Congressional Democrats who don’t agree with President Barack Obama’s endorsement of same-sex marriage now find they’re in an awkward spot.
Senators Claire McCaskill of Missouri, Joe Manchin of West Virginia and Jon Tester of Montana are among Democrats facing questions about their stand on the issue and whether they are swayed by the president’s support, which he announced May 9. McCaskill, Manchin and Tester are seeking re-election this year in Republican-leaning states. None back gay marriage.
“If they’re smart, they won’t change what they’ve been saying,” said John Pitney, a political scientist at Claremont McKenna College in Claremont, California.
Republicans have called attention to Obama’s announcement, which they say could pull votes away from Democratic candidates in Republican-leaning states.
“The president was looking at his own political prospects,” Senator John Thune of South Dakota, a member of the chamber’s Republican leadership, said in an interview. “But if you’re somebody from a Midwestern state, a fairly conservative state, it’s probably not going to be helpful.”
While Obama’s endorsement was praised by gay rights advocacy groups and some Democrats in Congress, lawmakers from the party’s more moderate wing have mostly stayed silent or reiterated their opposition to gay marriage.
Manchin, a former West Virginia governor running for Senate re-election in a state Obama lost by 13 percentage points in 2008, remains opposed to same-sex marriage, a spokeswoman said.
‘Position Hasn’t Changed’
“His position hasn’t changed; he believes marriage is between one man and one woman,” Marni Goldberg said in an e-mail.
Tester “supports civil unions for committed same-sex couples, but in Montana, marriage is between one man and one woman,” spokeswoman Andrea Helling said yesterday.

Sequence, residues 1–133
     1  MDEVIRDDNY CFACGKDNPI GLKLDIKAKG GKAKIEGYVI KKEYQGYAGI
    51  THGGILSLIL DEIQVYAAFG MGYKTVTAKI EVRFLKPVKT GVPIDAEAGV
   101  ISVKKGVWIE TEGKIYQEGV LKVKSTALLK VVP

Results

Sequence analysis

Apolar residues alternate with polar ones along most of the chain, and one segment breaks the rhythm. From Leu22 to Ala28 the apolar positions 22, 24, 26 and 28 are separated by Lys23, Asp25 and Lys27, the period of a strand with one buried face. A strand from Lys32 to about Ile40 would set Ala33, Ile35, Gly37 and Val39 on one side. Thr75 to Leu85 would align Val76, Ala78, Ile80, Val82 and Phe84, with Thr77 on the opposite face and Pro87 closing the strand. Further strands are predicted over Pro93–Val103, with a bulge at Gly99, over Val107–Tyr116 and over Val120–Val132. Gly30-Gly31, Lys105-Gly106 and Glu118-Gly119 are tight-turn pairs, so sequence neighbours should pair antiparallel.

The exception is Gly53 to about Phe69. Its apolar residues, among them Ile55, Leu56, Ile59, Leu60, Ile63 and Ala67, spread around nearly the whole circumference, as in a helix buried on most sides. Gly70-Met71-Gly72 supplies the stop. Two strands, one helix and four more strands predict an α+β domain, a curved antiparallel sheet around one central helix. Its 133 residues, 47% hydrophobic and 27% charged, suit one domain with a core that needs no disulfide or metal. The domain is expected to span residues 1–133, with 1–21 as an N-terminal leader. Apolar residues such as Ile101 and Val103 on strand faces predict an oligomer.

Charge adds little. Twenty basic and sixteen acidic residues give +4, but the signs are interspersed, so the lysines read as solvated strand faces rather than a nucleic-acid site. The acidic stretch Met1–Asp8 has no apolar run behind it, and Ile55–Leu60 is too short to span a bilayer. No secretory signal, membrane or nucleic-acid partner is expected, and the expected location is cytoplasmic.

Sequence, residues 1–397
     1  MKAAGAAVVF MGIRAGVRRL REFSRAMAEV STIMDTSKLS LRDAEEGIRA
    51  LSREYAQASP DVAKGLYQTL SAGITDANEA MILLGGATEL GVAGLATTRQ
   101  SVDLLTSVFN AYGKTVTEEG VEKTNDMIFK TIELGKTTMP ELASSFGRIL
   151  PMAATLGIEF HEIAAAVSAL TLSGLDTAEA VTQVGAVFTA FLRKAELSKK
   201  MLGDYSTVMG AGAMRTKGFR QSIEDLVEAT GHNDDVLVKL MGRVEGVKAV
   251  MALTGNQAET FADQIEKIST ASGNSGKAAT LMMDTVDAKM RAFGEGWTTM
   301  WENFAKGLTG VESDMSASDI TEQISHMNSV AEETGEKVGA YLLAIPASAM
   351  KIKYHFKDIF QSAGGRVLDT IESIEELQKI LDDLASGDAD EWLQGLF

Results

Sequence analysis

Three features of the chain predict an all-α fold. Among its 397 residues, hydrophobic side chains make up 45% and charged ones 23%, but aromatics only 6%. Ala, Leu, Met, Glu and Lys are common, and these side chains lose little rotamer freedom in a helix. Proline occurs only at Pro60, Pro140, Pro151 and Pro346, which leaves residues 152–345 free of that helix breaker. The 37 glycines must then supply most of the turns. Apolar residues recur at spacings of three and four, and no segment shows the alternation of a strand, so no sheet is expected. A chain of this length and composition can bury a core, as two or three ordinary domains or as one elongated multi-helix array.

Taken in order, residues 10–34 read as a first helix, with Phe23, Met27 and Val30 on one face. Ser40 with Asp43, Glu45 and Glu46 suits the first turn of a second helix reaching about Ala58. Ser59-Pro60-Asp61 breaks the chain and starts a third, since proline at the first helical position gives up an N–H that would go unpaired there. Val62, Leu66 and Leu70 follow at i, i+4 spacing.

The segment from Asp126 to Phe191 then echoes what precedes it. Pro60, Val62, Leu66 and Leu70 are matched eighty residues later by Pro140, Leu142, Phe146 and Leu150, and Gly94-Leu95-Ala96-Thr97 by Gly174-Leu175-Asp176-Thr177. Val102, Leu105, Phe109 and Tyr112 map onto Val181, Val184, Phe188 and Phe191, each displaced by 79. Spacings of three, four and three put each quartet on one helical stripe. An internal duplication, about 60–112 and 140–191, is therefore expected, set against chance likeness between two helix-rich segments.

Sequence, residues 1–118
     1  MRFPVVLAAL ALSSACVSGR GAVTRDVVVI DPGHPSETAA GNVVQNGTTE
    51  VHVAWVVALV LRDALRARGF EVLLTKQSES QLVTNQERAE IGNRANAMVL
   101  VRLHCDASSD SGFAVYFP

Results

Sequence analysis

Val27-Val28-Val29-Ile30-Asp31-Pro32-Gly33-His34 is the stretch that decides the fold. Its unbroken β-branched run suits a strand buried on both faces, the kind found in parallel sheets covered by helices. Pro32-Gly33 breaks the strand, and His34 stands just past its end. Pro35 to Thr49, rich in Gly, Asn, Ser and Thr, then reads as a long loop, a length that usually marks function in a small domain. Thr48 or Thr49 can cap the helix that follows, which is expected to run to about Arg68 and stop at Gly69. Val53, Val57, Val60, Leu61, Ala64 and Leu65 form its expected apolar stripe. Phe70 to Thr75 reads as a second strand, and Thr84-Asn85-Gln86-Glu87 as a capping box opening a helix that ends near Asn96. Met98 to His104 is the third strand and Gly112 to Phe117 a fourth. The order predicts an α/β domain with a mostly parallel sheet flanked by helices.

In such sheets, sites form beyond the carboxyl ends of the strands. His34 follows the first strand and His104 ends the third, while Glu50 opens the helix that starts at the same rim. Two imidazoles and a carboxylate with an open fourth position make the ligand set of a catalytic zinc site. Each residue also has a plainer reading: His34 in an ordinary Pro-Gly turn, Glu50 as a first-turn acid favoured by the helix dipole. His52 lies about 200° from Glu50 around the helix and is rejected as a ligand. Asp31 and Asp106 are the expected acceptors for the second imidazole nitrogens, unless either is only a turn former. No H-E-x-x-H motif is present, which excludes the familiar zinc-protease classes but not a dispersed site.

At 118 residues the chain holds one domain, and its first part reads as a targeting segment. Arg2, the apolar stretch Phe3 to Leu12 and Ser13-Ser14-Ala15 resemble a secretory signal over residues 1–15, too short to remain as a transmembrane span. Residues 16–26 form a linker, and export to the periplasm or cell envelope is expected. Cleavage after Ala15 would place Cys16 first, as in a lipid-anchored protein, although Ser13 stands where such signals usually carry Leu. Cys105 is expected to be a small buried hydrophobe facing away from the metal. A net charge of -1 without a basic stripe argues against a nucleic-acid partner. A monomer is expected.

Republican presidential candidate John McCain carried Montana by three percentage points in 2008.
McCaskill spokesman John LaBombard told the Springfield, Missouri, News-Leader after Obama’s announcement that while his boss opposes discrimination against homosexuals, she thinks states should “take the lead in determining marriage equality.”
Missouri, which McCain won by a 3,600-vote margin in 2008, and Montana have state constitutional provisions defining marriage as being between a man and a woman.
‘Brick by Brick’
A potential Republican opponent for McCaskill, U.S. Representative Todd Akin, said yesterday in a statement that Obama’s support for same-sex marriages showed the president’s “unquenchable desire to tear down the traditional family unit brick by brick,” and reiterated his opposition to gay marriage.
The chairman of the House Democrats’ campaign committee said lawmakers and candidates who oppose gay marriage shouldn’t hide their position from voters.
“If you agree with the president, state your agreement; if you disagree with the president, state your disagreement,” New York Representative Steve Israel told reporters yesterday at a Christian Science Monitor breakfast. “Be clear, let people know and move on.”
Obama’s support for gay marriage isn’t “that relevant” to individual House races, Israel said, adding that “each candidate has to run their own race.”
Defense of Marriage